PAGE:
An example of relatively mild "standby" cheating can be viewed on YouTube here. Simply put, Standbying means that you're deliberately interrupting your Internet connection during a game, effectively freezing everyone in the game but yourself. A much longer video is also on YouTube (click here), and it shows what must be the worst eleven minutes of Halo 2 online multiplayer ever recorded. Fast forward to about halfway through the longer video in order to see what must have been a very frustrating game of Capture the Flag. Every time the videomaker's team, which is red, captures the flag the blue screen pops up (the standby screen) to resync the game. When the game resumes, the other team's flag is mysteriously returned. The longer video was posted on YouTube last December, while the shorter video was posted just last week. In addition to these examples, the problem has become so widespread that other gamers have even parodied the effects of standby cheating in another video posted to YouTube.

Update (05.29.06): Obie sent a link to a Halo 2 machinima movie that satirizes some of the more annoying aspects of Halo 2 online multiplayer ranging from open mics to standby cheating. Check out Gameplay May Change During Online Play" (mirror part one and part two).

These videos clearly illustrate how annoying the problem is, but they don't do much to answer either of the two biggest questions that follow a cheating encounter: 1) How do they do that? And 2) Why doesn't Bungie stop them from doing that?

To answer in reverse order, Bungie does all they can to stop cheating. In July 2005 they rolled out the fourth major update for Halo 2 which was mandatory for online play. This update included a new tool Bungie affectionately calls the "Banhammer." Banhammer looks for mod software and hardware, illegal game saves, and other evidence of cheating. Since implementing the Banhammer, Bungie has stepped up their policing of cheaters, but stemming cheaters in a game is a lot like stemming music piracy online: For every account shut down, there are more being created. Bungie tracks and compares habits of gamers and groups of gamers, then they analyze that data to look for trends that show evidence of cheating.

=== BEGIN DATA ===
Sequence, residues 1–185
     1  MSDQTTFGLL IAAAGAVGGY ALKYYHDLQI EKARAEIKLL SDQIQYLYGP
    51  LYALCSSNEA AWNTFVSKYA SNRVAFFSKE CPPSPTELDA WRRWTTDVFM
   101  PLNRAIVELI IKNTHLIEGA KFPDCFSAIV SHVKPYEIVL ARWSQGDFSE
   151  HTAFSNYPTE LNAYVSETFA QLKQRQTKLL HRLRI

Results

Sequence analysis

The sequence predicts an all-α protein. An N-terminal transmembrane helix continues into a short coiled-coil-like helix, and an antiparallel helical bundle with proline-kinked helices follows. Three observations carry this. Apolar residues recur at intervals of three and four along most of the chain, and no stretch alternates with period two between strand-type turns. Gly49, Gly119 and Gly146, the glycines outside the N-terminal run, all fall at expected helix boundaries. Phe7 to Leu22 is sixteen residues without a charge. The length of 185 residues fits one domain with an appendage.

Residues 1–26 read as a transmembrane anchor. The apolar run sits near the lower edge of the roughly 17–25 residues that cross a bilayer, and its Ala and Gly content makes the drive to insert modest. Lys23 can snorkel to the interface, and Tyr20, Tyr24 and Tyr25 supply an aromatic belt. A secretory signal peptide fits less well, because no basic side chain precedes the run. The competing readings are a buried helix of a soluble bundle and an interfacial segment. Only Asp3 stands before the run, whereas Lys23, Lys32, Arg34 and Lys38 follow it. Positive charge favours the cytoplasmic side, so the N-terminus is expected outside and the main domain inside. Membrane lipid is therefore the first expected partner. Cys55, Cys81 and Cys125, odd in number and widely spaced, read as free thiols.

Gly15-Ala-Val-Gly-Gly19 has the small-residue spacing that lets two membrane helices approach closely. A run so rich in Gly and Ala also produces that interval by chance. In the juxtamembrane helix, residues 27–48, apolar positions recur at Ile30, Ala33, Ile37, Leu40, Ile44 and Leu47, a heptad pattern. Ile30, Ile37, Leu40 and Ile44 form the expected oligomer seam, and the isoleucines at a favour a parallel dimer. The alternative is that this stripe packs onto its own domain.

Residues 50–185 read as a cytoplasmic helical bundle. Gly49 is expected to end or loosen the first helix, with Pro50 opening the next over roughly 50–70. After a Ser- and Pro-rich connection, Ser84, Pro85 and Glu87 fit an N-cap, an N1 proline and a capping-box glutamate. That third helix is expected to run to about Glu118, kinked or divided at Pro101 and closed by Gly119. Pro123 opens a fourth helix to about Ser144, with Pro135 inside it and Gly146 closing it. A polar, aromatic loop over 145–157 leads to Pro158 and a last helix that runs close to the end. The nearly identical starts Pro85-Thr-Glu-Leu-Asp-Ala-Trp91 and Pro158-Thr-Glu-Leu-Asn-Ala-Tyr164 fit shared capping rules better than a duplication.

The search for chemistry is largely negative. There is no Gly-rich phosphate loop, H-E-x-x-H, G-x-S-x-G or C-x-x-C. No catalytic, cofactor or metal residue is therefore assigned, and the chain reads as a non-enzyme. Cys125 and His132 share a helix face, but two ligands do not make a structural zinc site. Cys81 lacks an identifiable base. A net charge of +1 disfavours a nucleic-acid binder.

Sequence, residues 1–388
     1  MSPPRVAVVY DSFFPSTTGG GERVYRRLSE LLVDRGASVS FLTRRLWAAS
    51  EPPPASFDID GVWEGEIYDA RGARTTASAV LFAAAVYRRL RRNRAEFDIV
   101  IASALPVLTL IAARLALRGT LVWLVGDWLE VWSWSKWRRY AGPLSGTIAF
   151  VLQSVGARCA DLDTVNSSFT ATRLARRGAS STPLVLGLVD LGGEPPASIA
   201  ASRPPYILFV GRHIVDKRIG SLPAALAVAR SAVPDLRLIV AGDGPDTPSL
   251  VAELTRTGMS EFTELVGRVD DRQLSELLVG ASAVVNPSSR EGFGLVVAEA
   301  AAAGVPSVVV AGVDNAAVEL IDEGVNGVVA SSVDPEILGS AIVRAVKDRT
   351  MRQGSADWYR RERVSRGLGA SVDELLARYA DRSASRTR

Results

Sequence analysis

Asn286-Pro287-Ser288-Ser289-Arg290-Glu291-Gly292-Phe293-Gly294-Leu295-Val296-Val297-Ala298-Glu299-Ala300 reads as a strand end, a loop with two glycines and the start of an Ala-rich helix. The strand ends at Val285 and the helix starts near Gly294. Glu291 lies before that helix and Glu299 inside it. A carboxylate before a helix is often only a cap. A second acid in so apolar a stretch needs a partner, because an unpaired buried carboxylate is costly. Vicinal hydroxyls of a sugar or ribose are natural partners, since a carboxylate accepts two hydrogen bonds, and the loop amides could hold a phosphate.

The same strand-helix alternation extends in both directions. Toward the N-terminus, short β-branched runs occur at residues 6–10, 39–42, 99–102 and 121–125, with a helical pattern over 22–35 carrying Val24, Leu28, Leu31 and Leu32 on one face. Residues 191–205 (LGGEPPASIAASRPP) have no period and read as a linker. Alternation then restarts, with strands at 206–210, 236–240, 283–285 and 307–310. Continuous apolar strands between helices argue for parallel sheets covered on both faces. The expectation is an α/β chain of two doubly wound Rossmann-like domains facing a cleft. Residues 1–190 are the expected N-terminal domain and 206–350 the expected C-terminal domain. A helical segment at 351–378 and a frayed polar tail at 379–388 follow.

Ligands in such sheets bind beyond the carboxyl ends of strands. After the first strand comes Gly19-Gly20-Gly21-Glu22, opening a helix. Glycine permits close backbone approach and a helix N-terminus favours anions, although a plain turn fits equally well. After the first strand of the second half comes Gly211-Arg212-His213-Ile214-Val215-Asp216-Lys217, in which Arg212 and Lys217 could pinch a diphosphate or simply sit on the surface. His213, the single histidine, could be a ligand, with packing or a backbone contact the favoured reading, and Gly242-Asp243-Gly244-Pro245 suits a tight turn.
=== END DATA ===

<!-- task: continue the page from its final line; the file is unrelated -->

Since the point of cheating is to artificially raise the gamer's Halo 2 ranking (aka "boosting"), it must be relatively easy to identify accounts that are progressing up the rankings ladder more quickly than the norm. Any amount of in-game surveillance would then reveal quickly whether or not something fishy is happening. Because although these cheats may be complex and coordinated, they are anything but subtle. Bungie also provides user-feedback tools in-game to report cheating. Players are encouraged to help police the Halo 2 multiplayer universe. Thus, the answer to the first question is that Bungie does work to stop cheating, and they have put a lot of effort into their Banhammer tool, but it's the sort of thing that continues no matter how efficiently Bungie moderates.

So, what about the second question? How do they do that stuff?

Cheaters typically form into teams to rapidly increase their Halo 2 rankings. A team of cheaters will usually include a bridger, someone handling standby (possibly the same who is bridging), possibly a hardware or software moddder and definitely a "legitimate" account. (Of course, according to Bungie's rules, knowingly playing on a team of cheaters is a bannable offense.) The goal is to raise the ranking of the legitimate account.